A=10(White);B=10(Black);C=10(4(A;B));D=10(4(B;A));C;D;C;D;C;D;C;D

This formula does not grow much as the size of the image grows. If the chess board image was increased in size where each of the blocks is 1,000 pixels x 1,000 pixels, the image would grow to 64,000,000 bytes, while our stored formula would only grow by 8 bytes:
A=1000(White);B=1000(Black);C=1000(4(A;B));D=1000(4(B;A));C;D;C;D;C;D;C;D

It is possible to compress high frequency images (like most photographs) somewhat without any loss, but not much. To make high frequency images more predicable to allow for greater compression, pixels need to be thrown away before creating the fsymbolized version which is stored. Anything lost before symbolization cannot be recovered later. Since the images can't be predicted like the chess board example, the complexity in the compression engines is how to determine how to symbolize the image so that the least number of pixels need to be lost to achieve a desired compression ratio. You need to throw fewer pixels away for a 4:1 compression ration than for a 8:1 ratio.

I don't know if that answered any questions or not, but it was good to revive some of the old theory I haven't used for years.
 

Spectre

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Well, why not just use the RAW format and fix it all?
some cameras don't (didn't) have this option. it was seen as being overkill for the casual user.

plus, it allowed them to offer a more expensive camera with this additional feature.
 

FloydV

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Compression uses predictability to replace longer strings of bits with shorter ones. Using text to illustrate a simple example:
"queen". we know by rule "q" is always followed by "u" so we do not need to store it. so if we store "qeen" we've reduced the storage by 20% (4 bites instead of 5) and have not lost any information since we will always add a "u" whenever we read a "q" from the file.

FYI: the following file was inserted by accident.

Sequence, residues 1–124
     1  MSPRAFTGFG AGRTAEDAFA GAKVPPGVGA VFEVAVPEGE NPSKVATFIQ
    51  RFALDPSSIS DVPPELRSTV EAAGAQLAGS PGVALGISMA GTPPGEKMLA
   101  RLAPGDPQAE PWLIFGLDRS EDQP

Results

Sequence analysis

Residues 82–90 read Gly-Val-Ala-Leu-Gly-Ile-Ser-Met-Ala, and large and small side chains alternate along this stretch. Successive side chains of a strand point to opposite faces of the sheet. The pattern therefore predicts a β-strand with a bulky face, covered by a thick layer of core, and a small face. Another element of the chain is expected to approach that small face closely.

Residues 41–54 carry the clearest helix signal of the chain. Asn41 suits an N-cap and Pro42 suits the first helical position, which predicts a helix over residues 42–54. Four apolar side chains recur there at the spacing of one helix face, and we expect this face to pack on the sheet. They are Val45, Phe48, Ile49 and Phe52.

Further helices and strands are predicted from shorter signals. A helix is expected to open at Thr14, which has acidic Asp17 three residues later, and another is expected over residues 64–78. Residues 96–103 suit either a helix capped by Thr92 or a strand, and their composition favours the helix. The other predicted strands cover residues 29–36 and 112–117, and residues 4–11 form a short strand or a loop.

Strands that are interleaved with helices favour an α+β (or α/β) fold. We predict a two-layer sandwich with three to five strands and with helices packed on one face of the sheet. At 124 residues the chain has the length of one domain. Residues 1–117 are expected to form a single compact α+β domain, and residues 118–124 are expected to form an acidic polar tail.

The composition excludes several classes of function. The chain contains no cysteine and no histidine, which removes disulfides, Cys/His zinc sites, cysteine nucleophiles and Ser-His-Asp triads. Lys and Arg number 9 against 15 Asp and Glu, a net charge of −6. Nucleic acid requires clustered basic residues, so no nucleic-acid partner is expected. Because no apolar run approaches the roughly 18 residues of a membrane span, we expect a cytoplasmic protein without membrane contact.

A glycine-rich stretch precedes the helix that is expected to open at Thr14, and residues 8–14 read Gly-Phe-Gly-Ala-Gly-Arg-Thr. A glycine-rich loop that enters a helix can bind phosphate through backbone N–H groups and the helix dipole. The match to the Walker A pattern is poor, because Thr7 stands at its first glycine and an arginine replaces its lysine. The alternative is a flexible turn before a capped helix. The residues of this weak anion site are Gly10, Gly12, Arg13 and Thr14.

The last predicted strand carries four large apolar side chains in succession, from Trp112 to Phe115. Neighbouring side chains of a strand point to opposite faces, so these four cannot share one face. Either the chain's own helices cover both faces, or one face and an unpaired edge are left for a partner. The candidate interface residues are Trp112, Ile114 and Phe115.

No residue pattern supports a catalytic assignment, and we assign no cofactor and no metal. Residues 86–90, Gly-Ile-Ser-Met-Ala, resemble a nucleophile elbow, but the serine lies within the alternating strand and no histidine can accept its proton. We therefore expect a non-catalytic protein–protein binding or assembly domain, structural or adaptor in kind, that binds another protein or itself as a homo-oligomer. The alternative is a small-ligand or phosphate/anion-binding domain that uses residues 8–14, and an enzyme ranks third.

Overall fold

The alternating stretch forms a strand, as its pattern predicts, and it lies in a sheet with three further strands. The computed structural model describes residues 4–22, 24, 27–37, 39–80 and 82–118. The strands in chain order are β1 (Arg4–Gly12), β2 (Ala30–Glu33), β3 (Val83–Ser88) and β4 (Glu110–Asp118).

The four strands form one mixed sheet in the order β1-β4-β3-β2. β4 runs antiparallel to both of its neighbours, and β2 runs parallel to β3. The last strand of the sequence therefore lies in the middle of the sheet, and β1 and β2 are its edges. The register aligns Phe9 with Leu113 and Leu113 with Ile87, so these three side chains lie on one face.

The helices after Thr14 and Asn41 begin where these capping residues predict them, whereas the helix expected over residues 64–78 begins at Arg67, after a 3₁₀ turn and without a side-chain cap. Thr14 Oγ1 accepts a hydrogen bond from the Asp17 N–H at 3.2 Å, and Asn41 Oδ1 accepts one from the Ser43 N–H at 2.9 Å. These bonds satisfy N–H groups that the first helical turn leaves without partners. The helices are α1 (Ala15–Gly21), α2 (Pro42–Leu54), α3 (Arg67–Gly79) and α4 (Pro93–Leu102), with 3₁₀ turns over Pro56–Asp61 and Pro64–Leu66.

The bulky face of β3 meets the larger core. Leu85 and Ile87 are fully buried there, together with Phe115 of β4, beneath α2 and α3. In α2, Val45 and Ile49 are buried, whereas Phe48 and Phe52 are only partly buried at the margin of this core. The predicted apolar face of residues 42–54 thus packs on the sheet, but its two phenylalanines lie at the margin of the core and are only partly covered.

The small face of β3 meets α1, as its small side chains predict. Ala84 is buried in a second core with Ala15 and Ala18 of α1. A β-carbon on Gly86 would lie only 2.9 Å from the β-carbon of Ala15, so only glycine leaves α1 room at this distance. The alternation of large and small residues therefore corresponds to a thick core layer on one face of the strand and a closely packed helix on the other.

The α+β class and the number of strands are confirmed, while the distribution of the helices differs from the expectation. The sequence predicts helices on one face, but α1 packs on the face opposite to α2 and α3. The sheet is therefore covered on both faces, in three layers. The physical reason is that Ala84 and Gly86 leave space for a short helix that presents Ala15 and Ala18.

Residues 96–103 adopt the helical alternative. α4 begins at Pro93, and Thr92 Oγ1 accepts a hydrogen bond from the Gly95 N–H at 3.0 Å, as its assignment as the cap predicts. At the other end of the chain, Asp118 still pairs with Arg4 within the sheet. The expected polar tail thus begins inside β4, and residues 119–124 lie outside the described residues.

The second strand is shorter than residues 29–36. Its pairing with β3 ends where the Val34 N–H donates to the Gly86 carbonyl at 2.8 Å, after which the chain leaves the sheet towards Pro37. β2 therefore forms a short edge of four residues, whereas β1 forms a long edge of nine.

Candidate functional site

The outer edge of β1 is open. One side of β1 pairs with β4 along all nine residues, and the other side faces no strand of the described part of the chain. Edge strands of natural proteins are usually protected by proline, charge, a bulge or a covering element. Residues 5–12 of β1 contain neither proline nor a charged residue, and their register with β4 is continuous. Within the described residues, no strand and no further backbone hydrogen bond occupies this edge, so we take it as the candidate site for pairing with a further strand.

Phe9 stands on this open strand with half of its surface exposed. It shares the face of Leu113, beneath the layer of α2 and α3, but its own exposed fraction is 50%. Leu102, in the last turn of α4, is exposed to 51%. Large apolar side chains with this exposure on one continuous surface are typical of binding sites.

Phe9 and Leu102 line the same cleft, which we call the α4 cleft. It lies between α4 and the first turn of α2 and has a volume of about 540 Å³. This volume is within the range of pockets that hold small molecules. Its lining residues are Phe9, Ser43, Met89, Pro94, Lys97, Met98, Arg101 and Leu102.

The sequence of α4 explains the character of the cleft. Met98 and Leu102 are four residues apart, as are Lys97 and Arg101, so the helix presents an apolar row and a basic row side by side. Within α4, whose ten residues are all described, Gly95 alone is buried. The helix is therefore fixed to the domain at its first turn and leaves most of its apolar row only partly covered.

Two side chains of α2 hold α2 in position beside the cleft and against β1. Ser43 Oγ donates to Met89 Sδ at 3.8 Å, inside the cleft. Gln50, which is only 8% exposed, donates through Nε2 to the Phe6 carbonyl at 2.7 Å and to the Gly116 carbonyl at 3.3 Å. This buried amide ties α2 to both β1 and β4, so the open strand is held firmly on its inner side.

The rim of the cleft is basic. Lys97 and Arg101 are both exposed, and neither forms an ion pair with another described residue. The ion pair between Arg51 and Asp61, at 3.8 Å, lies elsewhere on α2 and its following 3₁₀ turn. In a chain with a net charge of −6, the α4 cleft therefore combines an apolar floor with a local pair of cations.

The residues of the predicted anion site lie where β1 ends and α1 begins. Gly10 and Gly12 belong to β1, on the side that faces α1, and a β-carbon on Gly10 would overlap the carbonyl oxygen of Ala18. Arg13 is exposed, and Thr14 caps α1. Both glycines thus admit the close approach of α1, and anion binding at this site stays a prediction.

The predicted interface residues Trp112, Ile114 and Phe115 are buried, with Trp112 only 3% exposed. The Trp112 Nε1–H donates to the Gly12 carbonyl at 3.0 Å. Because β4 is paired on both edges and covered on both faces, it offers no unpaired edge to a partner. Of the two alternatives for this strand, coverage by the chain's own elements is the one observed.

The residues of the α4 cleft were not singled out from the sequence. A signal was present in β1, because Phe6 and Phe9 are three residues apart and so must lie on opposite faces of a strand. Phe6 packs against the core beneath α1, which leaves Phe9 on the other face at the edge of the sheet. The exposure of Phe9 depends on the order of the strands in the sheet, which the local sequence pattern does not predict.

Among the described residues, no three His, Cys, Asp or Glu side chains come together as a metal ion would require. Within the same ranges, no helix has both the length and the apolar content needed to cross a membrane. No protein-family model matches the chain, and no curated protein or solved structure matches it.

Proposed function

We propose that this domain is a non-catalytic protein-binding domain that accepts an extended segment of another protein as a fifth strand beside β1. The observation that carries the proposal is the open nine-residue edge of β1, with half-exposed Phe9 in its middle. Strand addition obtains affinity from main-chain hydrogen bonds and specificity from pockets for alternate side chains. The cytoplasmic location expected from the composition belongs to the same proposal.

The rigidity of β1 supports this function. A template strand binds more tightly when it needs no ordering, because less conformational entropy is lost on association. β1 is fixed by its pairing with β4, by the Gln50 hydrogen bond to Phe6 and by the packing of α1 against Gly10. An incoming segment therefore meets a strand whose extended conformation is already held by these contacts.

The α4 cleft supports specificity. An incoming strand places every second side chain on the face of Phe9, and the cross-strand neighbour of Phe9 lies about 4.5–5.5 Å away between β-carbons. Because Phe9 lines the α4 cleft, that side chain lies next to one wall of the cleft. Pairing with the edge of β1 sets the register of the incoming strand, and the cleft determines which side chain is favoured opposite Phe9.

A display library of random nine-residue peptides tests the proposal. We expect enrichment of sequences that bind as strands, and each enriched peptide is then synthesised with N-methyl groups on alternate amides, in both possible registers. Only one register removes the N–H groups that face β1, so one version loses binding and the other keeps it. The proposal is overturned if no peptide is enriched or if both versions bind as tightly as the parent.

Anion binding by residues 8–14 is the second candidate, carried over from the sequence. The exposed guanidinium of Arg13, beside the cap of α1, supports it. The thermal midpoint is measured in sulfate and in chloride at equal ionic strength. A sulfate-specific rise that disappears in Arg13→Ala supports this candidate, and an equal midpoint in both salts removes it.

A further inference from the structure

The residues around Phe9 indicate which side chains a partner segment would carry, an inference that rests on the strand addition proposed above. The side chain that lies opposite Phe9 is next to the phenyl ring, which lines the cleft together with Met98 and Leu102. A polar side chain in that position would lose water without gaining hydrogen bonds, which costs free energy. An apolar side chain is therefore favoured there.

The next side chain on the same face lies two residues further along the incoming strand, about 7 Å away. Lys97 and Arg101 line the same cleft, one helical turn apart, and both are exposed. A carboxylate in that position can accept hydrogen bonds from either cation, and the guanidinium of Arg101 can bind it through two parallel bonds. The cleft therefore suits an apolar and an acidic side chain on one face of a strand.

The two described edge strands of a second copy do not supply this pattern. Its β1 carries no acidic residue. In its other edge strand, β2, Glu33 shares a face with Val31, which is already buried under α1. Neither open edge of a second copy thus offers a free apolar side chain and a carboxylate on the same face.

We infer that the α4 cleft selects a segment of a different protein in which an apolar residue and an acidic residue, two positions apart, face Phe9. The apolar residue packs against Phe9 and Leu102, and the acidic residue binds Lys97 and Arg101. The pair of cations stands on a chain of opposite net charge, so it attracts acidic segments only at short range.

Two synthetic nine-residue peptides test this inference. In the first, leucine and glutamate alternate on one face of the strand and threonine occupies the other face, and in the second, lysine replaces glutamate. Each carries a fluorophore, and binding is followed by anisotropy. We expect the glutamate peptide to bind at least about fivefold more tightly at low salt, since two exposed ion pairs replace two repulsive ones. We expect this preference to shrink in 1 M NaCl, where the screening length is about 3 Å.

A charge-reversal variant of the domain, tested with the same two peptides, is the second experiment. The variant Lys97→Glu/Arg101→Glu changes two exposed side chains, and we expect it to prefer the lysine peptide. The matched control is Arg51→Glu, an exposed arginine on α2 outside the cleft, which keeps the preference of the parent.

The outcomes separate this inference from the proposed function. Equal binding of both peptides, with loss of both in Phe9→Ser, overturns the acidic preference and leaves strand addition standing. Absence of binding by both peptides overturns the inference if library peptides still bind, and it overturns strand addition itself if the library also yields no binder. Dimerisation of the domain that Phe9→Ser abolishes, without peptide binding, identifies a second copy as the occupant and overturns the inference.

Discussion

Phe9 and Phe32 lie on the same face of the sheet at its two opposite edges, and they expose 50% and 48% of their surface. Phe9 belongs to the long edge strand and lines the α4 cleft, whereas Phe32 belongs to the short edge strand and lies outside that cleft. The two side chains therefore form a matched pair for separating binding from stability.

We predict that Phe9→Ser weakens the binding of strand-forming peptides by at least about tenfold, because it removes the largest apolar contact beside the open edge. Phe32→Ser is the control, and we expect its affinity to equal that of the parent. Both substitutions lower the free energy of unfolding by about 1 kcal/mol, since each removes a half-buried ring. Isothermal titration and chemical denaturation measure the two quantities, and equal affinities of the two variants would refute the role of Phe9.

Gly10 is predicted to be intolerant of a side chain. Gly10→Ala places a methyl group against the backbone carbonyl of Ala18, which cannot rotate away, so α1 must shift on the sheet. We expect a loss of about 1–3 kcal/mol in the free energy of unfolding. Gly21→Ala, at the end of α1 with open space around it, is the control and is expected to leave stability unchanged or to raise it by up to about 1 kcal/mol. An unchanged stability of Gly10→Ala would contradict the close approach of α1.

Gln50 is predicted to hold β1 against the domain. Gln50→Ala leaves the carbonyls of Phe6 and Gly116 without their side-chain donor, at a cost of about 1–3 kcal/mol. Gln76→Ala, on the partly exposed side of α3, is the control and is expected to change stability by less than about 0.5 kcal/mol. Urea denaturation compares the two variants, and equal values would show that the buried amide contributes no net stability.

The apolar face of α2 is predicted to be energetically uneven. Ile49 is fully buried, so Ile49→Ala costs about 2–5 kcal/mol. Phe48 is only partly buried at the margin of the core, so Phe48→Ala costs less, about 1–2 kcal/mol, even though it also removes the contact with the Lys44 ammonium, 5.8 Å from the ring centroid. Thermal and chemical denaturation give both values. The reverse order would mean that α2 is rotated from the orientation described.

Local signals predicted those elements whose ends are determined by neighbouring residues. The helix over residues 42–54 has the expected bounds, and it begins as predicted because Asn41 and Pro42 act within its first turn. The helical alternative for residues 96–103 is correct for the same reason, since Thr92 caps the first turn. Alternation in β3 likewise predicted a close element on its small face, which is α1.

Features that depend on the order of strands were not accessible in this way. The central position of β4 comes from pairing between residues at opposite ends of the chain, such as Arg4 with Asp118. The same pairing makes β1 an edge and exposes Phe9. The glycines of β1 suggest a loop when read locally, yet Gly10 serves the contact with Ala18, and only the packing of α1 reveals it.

Low frequency images can also be compressed very well without loss. Take a picture of chess board with 10 pixel x 10 pixel squares for example. The first line of the white block can be represented as 10(White) which we can symbolize as "A". The first line of the black block can be represented as 10(Black) which we can symbolize as "B". The first line in the image of the chess board can be represented as 4(A;B) [4 repetitions of 10 wite pixes follwed by 10 black pixels]. To get the first row of blocks woud be 10 copies of the first line. 10(4(A;B)) which we can symbolize as "C". The second row of the board is 10(4(B;A)) which we can symbolize as "C". We've reduced the size of the chess board image from 6,400 bytes to a formula
A=10(White);B=10(Black);C=10(4(A;B));D=10(4(B;A));C;D;C;D;C;D;C;D

This formula does not grow much as the size of the image grows. If the chess board image was increased in size where each of the blocks is 1,000 pixels x 1,000 pixels, the image would grow to 64,000,000 bytes, while our stored formula would only grow by 8 bytes:
A=1000(White);B=1000(Black);C=1000(4(A;B));D=1000(4(B;A));C;D;C;D;C;D;C;D

It is possible to compress high frequency images (like most photographs) somewhat without any loss, but not much. To make high frequency images more predicable to allow for greater compression, pixels need to be thrown away before creating the fsymbolized version which is stored. Anything lost before symbolization cannot be recovered later. Since the images can't be predicted like the chess board example, the complexity in the compression engines is how to determine how to symbolize the image so that the least number of pixels need to be lost to achieve a desired compression ratio. You need to throw fewer pixels away for a 4:1 compression ration than for a 8:1 ratio.

I don't know if that answered any questions or not, but it was good to revive some of the old theory I haven't used for years.
I can tell you are my sort of "get into the details guy". My main point was to tell people that JPEG throws away more detail each time it is saved. So, if you edit an image repeatedly, saving each time, your pic becomes more and more lossy. PING files don't do this.

I think most people would not want to use RAW format because of the storage problems.
 

FloydV

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I was one of the original team of 3 that developed this: Wavelet Scalar Quantization - Wikipedia, the free encyclopedia

So image compression is something I hold dear :)
My hat (or helmet) is off to you. I am always surprised at how many people can be on a bike forum who are much brighter than I would have thought. I'm not trying to insult anyone, but the idea of someone who works with digital compression and also rides insanely fast bikes amazes me.